Instead of handing off, Jarrett Lee dropped back and threw his best ball all night. It was a down and away out route that only Jo Jo LaFell could’ve gotten. No. 1 did and brought it to the house.


So another Les Miles gamble pays off, but I’ll ask this question for the hundredth time: If gambles work out in your favor 90 percent of the time, is it still a gamble?


Les Miles doesn’t play his cards—he plays his opposition. He exploits favorable opportunities when his opponents show tendencies.


In this case, the call wasn’t the gamble—believing in a redshirt freshman quarterback to execute the call was.


But hey there, Mr. Blue Chip recruit, you want to come play for a coach that believes in his players? You can come do that in Baton Rouge.


Crazy calls or not, it doesn’t take a football genius to see what coaching staff made the better adjustments at halftime.


LSU has some weak spots that need to be worked on, but all in all, even in games they should probably lose like Florida and Georgia, it would be wise never to assume the bad guy is dead. After all, we’re a second half team.




Stop trying to bring me down…


I wouldn’t start making reservations in Atlanta and Miami just yet, Tiger fans. This team has a bunch of things to get straight, but the good definitely outweighs the bad at this point in time. One thing that if consistent will always keep LSU in a game is their running game.


The offensive line looked like beasts, and it doesn’t hurt to have a fullback like Quinn Johnson opening holes and solid blocking from TE Richard Dickson. With Charles Scott continuing to rack up the yards, especially on first down, it puts a defense on its heels.


Enter Jarrett Lee in the second half, who began to throw on first down, and then the offense really got clicking. LSU gained 257 yards on 31 first down plays for the game. That’s an 8.3 yard average, and Miles and Co. will take that every time.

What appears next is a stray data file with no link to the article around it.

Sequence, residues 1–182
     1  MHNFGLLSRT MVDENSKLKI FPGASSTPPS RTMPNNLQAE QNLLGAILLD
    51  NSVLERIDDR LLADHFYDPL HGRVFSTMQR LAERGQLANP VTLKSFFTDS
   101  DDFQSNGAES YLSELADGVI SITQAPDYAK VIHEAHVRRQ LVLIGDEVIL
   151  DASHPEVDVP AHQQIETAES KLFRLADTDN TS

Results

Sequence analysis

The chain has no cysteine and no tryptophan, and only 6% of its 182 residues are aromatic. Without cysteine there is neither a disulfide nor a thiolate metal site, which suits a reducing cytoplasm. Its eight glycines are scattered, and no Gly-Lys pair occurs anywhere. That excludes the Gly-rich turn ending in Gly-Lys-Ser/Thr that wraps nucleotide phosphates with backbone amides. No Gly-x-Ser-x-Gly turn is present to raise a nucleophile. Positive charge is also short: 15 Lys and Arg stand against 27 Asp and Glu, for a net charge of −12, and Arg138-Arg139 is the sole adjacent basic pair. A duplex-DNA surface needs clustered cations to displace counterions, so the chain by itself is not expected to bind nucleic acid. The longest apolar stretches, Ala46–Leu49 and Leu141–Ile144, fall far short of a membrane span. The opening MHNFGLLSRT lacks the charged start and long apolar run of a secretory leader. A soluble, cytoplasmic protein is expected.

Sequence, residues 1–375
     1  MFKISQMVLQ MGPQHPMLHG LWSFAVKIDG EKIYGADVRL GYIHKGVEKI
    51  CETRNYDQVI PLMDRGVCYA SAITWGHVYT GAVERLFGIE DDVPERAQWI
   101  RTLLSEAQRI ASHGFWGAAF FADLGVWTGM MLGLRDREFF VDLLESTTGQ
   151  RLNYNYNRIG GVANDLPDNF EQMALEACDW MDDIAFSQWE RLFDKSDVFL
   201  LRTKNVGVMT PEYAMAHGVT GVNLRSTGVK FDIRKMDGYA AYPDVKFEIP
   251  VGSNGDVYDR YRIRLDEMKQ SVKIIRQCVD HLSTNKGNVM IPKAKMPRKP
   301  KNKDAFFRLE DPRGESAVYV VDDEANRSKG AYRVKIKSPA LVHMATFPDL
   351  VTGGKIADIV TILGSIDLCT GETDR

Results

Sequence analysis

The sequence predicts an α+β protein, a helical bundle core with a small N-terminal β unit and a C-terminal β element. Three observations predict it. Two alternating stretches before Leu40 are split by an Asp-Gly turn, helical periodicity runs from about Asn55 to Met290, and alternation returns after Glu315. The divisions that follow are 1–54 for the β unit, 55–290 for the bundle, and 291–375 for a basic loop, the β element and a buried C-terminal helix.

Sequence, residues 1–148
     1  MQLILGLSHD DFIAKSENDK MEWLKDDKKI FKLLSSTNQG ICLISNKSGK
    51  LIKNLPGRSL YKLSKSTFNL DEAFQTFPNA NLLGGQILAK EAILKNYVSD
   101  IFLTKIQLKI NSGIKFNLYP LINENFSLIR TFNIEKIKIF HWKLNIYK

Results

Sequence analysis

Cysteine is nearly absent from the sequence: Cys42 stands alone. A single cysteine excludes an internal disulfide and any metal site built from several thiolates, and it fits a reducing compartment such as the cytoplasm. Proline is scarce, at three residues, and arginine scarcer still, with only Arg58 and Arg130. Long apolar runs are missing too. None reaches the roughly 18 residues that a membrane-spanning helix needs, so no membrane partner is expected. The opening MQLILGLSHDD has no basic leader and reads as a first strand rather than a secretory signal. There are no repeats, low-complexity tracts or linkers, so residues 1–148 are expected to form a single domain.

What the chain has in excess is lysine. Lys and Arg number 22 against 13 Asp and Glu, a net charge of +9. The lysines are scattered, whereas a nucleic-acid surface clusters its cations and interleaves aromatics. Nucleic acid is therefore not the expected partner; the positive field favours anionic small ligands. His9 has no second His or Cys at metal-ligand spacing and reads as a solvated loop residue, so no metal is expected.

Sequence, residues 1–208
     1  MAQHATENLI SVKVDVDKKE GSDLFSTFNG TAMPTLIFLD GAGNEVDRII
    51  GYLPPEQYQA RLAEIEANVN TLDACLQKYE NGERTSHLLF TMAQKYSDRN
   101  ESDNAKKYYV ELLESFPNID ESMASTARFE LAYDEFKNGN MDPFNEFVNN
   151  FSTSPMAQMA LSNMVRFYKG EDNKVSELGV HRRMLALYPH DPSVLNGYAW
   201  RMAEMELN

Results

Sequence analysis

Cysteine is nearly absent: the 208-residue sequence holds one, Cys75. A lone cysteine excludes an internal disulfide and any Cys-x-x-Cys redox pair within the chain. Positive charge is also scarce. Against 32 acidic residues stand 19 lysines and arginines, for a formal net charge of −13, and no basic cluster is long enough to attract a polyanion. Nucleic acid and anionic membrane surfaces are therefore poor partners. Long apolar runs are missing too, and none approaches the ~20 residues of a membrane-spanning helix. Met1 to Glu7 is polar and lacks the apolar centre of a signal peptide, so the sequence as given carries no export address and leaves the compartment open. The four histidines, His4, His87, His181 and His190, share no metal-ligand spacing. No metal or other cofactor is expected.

Add in a defense that gets pressure rushing just four and are smothering against the run, and you’ve got some headaches for the opposition. LSU has some holes in its coverage that were to be expected with inexperienced corners and Danny McCray and Chad Jones struggling with coverage at the nickel back position.


Good QBs (read Tebow and Stafford) should be more effective in making the Tigers pay for mistakes.




I was right about...


Two things:


1) Trindon Holliday’s hands. I said he’d fumble punt returns in crucial situations this year. I didn’t want to be right so soon in the season, and twice on top of that. Miles insists Holliday will still return punts. I’d keep him in on kickoffs though.


2) Chris Hawkins is the best corner on the team. This isn’t even a close race at the present time.




I was wrong about…


Two things:


1) Demetrius Byrd being the featured receiver when the season started. Lee likes Brandon “Jo Jo” LaFell, and he likes him a lot.


2) Richard Murphy being the go-to guy in the backfield when the season started. It’s quite obvious to everyone that No. 32 Charles Scott is the man.




Moo U blues…


I’m sorry to say that while I’m a pessimist at heart, I am never worried when we play Mississippi State. For some reason, LSU has their number every single time they tangle. The Bulldogs are 1-3 this year with losses to La. Tech, Auburn, and Georgia Tech.


The reason why MSU was good in the '90s was because of their lines—and that advantage has faded away for State. Add in the fact that it’s a night game in Tiger Stadium, and I don’t like the Bulldogs’ chances.


LSU should be able to run the ball. If they can’t, and MSU forces LSU to become one-dimensional, that might give State a chance. But I look for LSU’s O-line to be dominant again, and Scott should have another 100-yard day. That’s bad news for the Bulldogs, who need every advantage they can get in Baton Rouge.


LSU slows down a bit because of a hangover from the AU win, but don’t expect an upset this week.


LSU 35, Miss. St. 10